Most notably, Sun Country Airlines and Frontier Airlines, both ultra low-cost carriers, filed to go public in February and March, respectively. Sun Country Airlines, which was owned by Apollo Global Management, made its public debut earlier in March, and Frontier, which was acquired by Indigo Partners in 2013, is slated to begin trading this week.
These airlines are trying to capitalize on investor enthusiasm and pent-up travel demand as vaccine distribution ramps up, according to Patrick Healey, founder and president of financial advisory and wealth management firm Caliber Financial Partners.
“Investor sentiment is driving the appetite for companies to tap into the public markets through an IPO, like Frontier or Sun Country,” Healey said. “A lot of the more established airlines like United or American or Delta have done secondary offerings … more as a means to survive the pandemic and sustain themselves into the future when they can start to see more demand from airline travel again. We’re starting to see that again.”
For context, Sun Country Airlines was the first U.S. passenger airline to go public in more than two years, according to CNBC. The public markets reacted enthusiastically to its debut, with its stock opening 51 percent above its IPO price on its first day of trading on March 17. The company raised $218 million through its IPO, pricing its shares at $24 apiece, above its stated price ranges.
Investor interest is shifting away from high-growth companies that benefited from a remote world during the COVID-19 pandemic to industries that suffered but are now due for a rebound, according to Louis Cordone, senior vice president of strategy at AST, a tech-enabled professional services firm. Simply put: Investor interest is cyclical.
“As the economy gets back on its feet, as it gets stronger, there are going to be companies that did not perform well during the COVID era, but now they’re poised to do well,” Cordone said. “Restaurants, hospitality, airlines. Everyone who I know who has been cooped up in their house wants to go somewhere badly.”
Additionally, airlines and manufacturing companies have the benefit of using new technologies, tools and manufacturing methods that have been developed during the pandemic, since that’s where investors were putting their money, according to Cordone. So not only are airlines undervalued, they’re poised to operate well with the new technologies that have been developed over the past year.
Airlines took a beating during the pandemic, though ultra low-cost carriers like Frontier and Spirit fared better than the more expensive, larger airlines. Frontier noted this in its S-1 filing, writing that it incurred about $1 per passenger of debt-related costs, compared to the average of $16 per passenger for “other U.S. airlines of significant size” for debt that was issued between March and the end of 2020.
“Furthermore, we believe that low-cost airlines have historically recovered more quickly than the airline industry overall following past crises, including the 1991 Gulf War, the 2001 Terrorist Attacks and the late-2000s Financial Crisis,” the company wrote. “ In the wake of these crises, low-cost airlines further expanded the magnitude of their superior margin profile and profitability relative to the airline industry as a whole.”
In terms of travel in general, this year is going to be a “tale of two halves,” according to James Hardiman, an analyst at Wedbush Securities who covers the leisure industry. Many people likely won’t be comfortable traveling during the first half of the year, he said.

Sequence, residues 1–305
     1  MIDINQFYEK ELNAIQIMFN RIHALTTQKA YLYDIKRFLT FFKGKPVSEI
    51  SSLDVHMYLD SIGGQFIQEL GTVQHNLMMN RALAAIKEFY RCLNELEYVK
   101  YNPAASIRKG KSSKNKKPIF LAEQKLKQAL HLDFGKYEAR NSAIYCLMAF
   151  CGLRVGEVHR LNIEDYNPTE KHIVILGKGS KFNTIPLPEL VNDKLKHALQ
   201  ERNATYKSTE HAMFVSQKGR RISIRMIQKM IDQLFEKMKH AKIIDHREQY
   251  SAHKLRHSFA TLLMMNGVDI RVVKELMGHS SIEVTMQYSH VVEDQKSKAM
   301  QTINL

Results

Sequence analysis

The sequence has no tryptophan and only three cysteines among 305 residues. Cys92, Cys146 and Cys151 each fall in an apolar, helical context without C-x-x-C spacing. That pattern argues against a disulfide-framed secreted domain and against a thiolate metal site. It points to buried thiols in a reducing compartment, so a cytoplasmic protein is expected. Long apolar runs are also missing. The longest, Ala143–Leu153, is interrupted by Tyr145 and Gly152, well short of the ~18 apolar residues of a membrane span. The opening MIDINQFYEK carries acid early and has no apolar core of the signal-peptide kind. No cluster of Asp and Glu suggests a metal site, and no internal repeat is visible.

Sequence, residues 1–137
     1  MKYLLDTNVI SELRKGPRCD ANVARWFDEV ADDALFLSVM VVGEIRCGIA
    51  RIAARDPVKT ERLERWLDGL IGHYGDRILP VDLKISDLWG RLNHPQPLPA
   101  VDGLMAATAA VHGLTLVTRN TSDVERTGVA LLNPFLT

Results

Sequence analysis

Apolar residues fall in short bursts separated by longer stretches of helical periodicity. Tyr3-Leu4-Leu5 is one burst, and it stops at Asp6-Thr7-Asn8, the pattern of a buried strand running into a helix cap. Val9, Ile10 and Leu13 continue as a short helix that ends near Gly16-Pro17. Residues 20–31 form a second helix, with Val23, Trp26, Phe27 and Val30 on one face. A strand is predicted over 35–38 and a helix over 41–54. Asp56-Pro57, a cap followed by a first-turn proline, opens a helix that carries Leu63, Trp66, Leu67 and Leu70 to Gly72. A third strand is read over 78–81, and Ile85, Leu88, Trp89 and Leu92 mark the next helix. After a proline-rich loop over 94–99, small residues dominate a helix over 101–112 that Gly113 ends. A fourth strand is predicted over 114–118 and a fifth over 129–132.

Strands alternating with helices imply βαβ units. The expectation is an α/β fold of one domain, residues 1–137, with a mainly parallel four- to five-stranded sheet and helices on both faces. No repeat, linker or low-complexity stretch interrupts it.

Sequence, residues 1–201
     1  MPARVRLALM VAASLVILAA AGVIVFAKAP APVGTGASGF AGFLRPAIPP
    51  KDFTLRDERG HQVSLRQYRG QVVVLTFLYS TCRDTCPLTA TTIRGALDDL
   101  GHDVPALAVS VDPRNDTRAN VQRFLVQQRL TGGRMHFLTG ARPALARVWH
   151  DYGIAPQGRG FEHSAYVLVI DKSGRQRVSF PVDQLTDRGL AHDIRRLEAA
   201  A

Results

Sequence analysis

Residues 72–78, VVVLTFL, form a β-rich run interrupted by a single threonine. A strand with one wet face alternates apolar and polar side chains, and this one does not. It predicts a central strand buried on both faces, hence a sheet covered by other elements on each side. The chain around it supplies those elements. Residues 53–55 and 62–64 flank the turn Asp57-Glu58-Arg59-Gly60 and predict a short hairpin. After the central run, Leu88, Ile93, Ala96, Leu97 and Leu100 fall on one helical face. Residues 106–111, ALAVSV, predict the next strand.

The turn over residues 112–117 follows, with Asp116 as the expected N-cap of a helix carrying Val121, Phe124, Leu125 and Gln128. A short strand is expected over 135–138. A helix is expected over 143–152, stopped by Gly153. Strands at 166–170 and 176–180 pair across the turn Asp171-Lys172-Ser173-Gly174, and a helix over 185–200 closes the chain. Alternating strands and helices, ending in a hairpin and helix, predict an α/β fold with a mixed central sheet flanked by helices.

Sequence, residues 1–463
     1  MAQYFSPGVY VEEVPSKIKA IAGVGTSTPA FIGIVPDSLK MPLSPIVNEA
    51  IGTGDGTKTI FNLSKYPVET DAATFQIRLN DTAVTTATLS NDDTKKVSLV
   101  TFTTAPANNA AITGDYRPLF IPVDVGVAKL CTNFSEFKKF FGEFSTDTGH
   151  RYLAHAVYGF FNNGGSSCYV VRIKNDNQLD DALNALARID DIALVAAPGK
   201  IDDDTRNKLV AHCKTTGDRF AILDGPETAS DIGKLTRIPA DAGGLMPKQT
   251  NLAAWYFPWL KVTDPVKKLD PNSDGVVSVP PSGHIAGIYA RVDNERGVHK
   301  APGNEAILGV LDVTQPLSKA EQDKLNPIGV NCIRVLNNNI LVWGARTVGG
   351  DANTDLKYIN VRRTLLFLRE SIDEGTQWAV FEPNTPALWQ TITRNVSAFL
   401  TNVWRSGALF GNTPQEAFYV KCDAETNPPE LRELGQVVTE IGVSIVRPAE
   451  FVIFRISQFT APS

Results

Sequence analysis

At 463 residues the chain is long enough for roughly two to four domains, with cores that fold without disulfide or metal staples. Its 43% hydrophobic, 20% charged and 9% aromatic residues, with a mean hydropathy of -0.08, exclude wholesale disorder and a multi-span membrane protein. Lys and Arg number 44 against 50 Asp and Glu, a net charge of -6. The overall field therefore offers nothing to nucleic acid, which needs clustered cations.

“Travel bookings — I think we’re seeing this across airlines, I know we’re seeing this across hotel bookings and cruise lines bookings — really do suggest people think they’ll be more comfortable traveling by summertime,” Hardiman said.
The online travel companies and theme parks Hardiman follows are anticipating increased demand this summer, and cruise lines are preparing for the worst but hoping for the best by lobbying the government to reopen and raising more capital.
“I think it’s safe to say that 2021 as a whole, and even in the summertime, is going to be substantially better than 2020 in terms of the travel industry, but still meaningfully short of where we were in 2019,” Hardiman said.
Of course, the risk remains that a continuation of the pandemic could derail travel companies’ plans for a rebound. Frontier noted the COVID-19 vaccine rollout as a risk factor in its S-1 filing.
“We are depending upon a successful COVID-19 vaccine, including an efficient distribution and sufficient supply, and significant uptake by the general public in order to normalize economic conditions, the airline industry and our business operations and to realize our growth plans and business strategy,” the company wrote.
So far, 137 million doses have been given in the United States, according to Bloomberg’s vaccine tracker. President Joe Biden set a goal of administering 200 million doses of the COVID-19 vaccine shots in his first 100 days in office.
One thing to watch, Healey noted, is how business travel will return. It seems clear that there’s plenty of pent-up demand for leisure travel — we could all use a vacation after a difficult, isolating year. But it’s unclear how business travel will rebound now that companies have adjusted to working remotely and conducting meetings over Zoom. If business travel doesn’t bounce back, that could be bad for airlines, as business travel is a more high-margin business than leisure travel.
Healey thinks hospitality companies could piggyback off the airlines’ strategy to turn to the public markets to raise capital, even on a secondary basis.
“There is pent up demand for travel, probably more on the leisure side, and I suspect that some of the hotel operators may want to raise capital now that the worst of it, knock on wood, is behind us,” he said.